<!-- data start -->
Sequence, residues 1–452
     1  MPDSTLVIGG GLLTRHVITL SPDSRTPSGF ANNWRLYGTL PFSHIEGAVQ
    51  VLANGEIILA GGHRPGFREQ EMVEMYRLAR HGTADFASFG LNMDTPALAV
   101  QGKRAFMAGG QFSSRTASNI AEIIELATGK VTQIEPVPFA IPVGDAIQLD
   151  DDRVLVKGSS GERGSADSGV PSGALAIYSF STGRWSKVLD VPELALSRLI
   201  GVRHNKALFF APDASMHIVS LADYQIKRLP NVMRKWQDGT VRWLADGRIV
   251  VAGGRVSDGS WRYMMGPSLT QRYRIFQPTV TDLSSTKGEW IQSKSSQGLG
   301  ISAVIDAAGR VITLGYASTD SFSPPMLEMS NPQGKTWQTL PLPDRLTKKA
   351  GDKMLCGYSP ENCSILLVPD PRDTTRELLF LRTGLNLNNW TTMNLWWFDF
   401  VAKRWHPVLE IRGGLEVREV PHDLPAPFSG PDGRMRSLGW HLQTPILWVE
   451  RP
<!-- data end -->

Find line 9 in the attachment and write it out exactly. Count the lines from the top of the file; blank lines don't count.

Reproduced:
   351  GDKMLCGYSP ENCSILLVPD PRDTTRELLF LRTGLNLNNW TTMNLWWFDF